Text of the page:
“You look tired.”
Before I can respond, he continues. “How’s your week going? Do you want chicken or beef?” The quesadilla crafter’s questions shell-shock me into confused silence.
How can I look tired when I’ve got on roughly triple my normal amount of concealer? My week … uh, what day is it? It must be Wednesday because the kids are finally back in school for a full day and the first two days of the week they had delays because of the polar vortex. So technically it’s The Day After Tomorrow.
“Ma’am? Chicken or beef?”
“Oh! Neither. Just cheese. Sorry, I’m kind of out of it.”
“I can tell. You look so tired.”
Please stop saying that. I look tired on the days when there is no effort. Today, I’ve got on mascara, dude. This. is. my. effort.
“Oh, well, you know, it’s been a long week already, what with school starting late the last couple of days. The kids have been crazy. They need to get back into a routine.”
“Yeah, they didn’t do this stuff about letting kids out of school just because it was cold back in the day. My mama put coats on us and we went.”
“I think there’s a concern about kids waiting at the bus stops in below freezing temperatures,” I said, pointing to cilantro and black olives.
“Well, at least there’s people like you trying to educate them,” he said, sliding my quesadilla onto the grill.
“I try, but I’ve only got two,” I said.
“Wait, I thought you were a teacher.”
“No,” I answered, looking down as he cut the quesadilla into neat sections. “No, I’m just a mom.”
Whoa. Where did that bit of self-belittlement come from? Just a mom. Is that really how you’re going to self-identify now? What will that teach the kids about women? Will they respect you and your role if you can’t even tell the guy making your lunch what you do without sounding ashamed?
I’m a mom.
Why do I want to qualify that with “just”? Perhaps because when I fill out insurance forms and list “occupation” as “stay-at-home-mom,” they come back to me reading “unemployed.”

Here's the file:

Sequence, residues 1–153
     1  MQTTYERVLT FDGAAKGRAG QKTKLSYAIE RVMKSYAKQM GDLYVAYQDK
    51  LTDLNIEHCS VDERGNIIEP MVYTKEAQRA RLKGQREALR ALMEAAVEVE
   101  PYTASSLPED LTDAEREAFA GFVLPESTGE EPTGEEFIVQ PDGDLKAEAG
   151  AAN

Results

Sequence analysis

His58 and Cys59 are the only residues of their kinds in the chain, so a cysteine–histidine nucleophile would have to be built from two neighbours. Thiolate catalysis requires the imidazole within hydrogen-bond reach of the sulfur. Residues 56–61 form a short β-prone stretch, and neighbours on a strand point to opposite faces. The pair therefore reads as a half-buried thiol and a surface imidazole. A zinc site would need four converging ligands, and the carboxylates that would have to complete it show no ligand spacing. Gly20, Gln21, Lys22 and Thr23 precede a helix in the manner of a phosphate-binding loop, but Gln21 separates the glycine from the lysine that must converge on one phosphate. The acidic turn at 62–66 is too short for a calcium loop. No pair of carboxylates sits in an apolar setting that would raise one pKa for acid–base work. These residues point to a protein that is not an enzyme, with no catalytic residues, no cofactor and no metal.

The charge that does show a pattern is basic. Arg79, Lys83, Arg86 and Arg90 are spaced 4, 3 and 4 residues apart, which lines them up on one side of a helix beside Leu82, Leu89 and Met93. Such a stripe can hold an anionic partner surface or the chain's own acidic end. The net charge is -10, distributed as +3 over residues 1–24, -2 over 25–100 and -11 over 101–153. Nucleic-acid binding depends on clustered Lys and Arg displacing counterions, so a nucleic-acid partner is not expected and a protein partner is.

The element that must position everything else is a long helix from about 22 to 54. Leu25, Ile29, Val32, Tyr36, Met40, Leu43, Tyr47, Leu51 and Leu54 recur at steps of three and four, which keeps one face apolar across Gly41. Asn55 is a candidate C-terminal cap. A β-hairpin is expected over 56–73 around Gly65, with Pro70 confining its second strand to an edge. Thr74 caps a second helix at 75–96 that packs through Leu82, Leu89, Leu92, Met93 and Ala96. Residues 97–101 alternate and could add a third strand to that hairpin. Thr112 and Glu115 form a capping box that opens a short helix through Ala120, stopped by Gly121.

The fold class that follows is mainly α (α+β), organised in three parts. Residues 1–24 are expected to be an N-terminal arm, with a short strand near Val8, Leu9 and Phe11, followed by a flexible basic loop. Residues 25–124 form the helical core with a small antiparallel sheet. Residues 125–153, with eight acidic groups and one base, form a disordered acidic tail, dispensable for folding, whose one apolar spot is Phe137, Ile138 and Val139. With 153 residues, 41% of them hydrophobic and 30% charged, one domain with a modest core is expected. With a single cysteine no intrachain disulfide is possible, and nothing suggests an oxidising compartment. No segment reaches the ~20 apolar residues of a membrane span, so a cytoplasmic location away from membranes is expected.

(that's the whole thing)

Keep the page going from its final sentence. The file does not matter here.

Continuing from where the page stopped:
No, the mothering gig doesn’t bring in millions, but what is more important than the work of a mother? Perhaps the most valuable commodity in our society is not oil or natural gas, but rather well-adjusted, educated, polite, kind, and generally good people.
You know, the kind that mothers toil to produce.
So many of us lose our identities to “mom,” and it’s easy to see how it happens. The minute you move from Labor and Delivery to the postpartum ward, all the nurses who walk in your room greet you with smile and a cheery, “Hi, Mom!”
Your de-personalization has begun.
Because who you are isn’t important anymore. It’s only about who you are in relation to someone else. Even now, nurses and assistants at my kids’ doctor’s offices call me “Mom.” How much trouble would it be to look down and see our children’s names and add a Ms. to the front?
There are as many different “mom” stereotypes as there are “woman” stereotypes, and perhaps some of us want to qualify our job descriptions rather than risk being lumped into one group or another. Of course, the idea that anyone could ever capture the essence of a woman, any woman, in a job description, in a box, is ludicrous. We’re multi-faceted, no matter what we choose to do.
So I’m a mom. On any given day I might be functioning as a teacher, cook, driver, medic, comforter, disciplinarian, advocate, mediator, hostage negotiator, storyteller, swim instructor, drill sergeant, or child psychologist. That kind of job needs no qualification.